THE DAD of a dishonest solicitor who swindled £214,000 from clients was spared jail for his part in her crimes.
Robert Johns (57), of Low Road in Wyberton, received a year-long prison sentence which has been suspended for 18 months after admitting to a charge of money laundering and converting criminal property. He also faces 160 hours’ unpaid work.
The sentence was handed out by Lincoln Crown Court on Monday because of his part in his daughter’s fraud.
Jacquelina Laverick (32), from Lodge Way in Grantham, who practised under her maiden name of Jacqui Johns, was jailed for three years in January after stealing £214,000 from clients including her own grandmother’s inheritance.
She was the head of the wills and probate department at the Grantham Chattertons office and spent the money on a deposit for a second home, a Jaguar car and to pay off household bills.
Her dad admitted being paid £1,500 after recruiting his friend, 58-year-old Laurence Bell, to accept a £25,000 cheque from the solicitor. Mr Bell received just £500 for his role in the transaction after paying £23,000 back to Laverick.
Johns also pleaded guilty to a second charge relating to building services paid for by money from his daughter.
Graham Huston, mitigating for Johns, said he had recently received a redundancy notice from his job as a print engineer and had not been involved in instigating his daughter’s fraud.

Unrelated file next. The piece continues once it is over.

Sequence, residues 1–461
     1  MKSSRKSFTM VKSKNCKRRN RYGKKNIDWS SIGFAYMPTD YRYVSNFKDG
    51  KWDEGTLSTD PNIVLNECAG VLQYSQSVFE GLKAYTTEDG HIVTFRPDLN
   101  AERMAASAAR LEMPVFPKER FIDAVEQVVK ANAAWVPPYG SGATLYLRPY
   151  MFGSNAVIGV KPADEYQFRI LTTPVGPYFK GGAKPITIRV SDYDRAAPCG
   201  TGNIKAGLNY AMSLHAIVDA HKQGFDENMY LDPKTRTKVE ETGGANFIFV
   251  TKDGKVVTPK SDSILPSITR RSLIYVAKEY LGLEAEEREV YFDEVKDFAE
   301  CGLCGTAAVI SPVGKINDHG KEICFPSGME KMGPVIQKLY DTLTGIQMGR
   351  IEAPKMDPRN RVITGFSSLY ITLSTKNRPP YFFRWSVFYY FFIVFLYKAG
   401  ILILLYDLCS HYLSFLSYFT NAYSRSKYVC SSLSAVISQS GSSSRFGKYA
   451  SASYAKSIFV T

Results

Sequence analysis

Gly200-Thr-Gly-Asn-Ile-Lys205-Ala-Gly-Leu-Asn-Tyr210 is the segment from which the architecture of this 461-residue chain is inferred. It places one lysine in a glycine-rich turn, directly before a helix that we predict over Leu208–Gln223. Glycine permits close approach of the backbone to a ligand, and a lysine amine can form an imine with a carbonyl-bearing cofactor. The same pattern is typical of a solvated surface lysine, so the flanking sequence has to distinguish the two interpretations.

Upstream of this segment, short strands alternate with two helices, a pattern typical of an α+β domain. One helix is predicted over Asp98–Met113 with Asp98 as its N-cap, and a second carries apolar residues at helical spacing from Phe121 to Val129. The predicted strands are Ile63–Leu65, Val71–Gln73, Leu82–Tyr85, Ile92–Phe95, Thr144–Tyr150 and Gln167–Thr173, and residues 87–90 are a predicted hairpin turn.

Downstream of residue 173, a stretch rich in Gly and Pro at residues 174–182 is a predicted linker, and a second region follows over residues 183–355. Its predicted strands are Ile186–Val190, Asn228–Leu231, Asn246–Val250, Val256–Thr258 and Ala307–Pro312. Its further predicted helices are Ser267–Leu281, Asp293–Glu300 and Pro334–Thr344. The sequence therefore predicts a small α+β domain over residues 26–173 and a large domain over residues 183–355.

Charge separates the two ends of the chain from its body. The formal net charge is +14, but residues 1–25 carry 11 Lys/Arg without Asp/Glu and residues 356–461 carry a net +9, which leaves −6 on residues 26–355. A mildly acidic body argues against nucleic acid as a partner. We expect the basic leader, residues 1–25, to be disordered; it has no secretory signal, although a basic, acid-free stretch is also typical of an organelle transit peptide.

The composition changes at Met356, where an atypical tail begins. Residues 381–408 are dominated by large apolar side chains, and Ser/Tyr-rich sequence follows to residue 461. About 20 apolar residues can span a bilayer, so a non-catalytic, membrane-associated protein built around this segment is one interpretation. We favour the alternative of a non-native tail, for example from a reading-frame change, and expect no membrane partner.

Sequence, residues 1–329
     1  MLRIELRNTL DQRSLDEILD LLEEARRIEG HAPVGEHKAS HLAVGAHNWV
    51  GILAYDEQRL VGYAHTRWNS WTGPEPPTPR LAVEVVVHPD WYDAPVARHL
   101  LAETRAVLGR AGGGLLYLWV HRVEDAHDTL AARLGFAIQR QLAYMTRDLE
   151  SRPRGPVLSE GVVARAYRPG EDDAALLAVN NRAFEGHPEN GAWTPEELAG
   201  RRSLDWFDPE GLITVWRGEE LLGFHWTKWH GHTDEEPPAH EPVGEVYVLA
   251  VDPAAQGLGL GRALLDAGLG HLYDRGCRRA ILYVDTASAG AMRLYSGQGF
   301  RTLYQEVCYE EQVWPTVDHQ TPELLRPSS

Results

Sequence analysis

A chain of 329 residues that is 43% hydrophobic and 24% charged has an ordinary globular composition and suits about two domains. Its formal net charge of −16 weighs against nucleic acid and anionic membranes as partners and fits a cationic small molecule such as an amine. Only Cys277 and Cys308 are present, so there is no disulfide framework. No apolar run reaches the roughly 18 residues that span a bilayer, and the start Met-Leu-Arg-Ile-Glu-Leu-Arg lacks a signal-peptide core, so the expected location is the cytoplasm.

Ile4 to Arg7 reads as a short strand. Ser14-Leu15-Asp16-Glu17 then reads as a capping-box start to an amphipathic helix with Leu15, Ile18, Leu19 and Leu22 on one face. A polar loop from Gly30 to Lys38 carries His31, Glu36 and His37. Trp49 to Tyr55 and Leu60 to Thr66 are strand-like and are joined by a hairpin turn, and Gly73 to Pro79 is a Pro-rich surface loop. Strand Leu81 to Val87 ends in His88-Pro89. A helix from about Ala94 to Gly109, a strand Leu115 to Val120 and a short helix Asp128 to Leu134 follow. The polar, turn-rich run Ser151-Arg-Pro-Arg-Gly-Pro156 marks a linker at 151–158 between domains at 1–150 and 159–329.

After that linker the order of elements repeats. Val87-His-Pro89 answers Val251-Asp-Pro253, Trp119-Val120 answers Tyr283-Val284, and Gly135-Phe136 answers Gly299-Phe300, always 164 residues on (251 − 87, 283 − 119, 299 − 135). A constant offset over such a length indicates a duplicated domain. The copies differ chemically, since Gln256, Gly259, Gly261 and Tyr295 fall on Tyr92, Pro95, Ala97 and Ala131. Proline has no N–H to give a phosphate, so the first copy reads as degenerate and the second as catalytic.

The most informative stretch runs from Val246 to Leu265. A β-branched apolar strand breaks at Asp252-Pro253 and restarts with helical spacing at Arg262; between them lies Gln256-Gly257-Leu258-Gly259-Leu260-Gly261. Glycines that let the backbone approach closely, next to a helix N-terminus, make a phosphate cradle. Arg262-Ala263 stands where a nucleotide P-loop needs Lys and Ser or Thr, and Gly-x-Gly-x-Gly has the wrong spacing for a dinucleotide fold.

Baz Bhatia, mitigating for Bell, told the court he was a ‘kind and well respected’ qualified electrician who had now lost his good character.
Stuart Loady, mitigating for Jacquelina’s husband Steven (35), told the court he was now the sole carer for the couple’s two-year-old son.
The judge accepted he was involved in laundering just a small amount of the cash.
Judge Sean Morris said: “Each of you to a certain extent took advantage to enrich yourselves. But the villain of the piece was a member of the legal profession who brought it into disrepute.
“I have heard a lot about Jacquelina Laverick or Jacqui Johns as she was known. It sounds like she was a plausible and devious individual. Nevertheless you were all grown men and knew what you were doing.”
Earlier this year Mr Laverick, who works for Rolls Royce, was found guilty of a single charge of converting criminal property relating to £10,000 paid into his bank account.
Mr Laverick, of Lodge Way, Grantham, was convicted of a charge of converting criminal property. He was sentenced to 12 months imprisonment suspended for 18 months and ordered to complete 200 hours’ unpaid work.
Bell, of Ninth Avenue, Forest Town, Mansfield, admitted a single charge of entering a money laundering agreement. He was sentenced to nine months imprisonment suspended for 18 months and ordered to complete 80 hours’ unpaid work.
Mrs Laverick, of Lodge Way, Grantham, had admitted 10 charges of theft involving a total of £214,870 and two charges of converting criminal property. The offences took place between December 2005 and June 2009.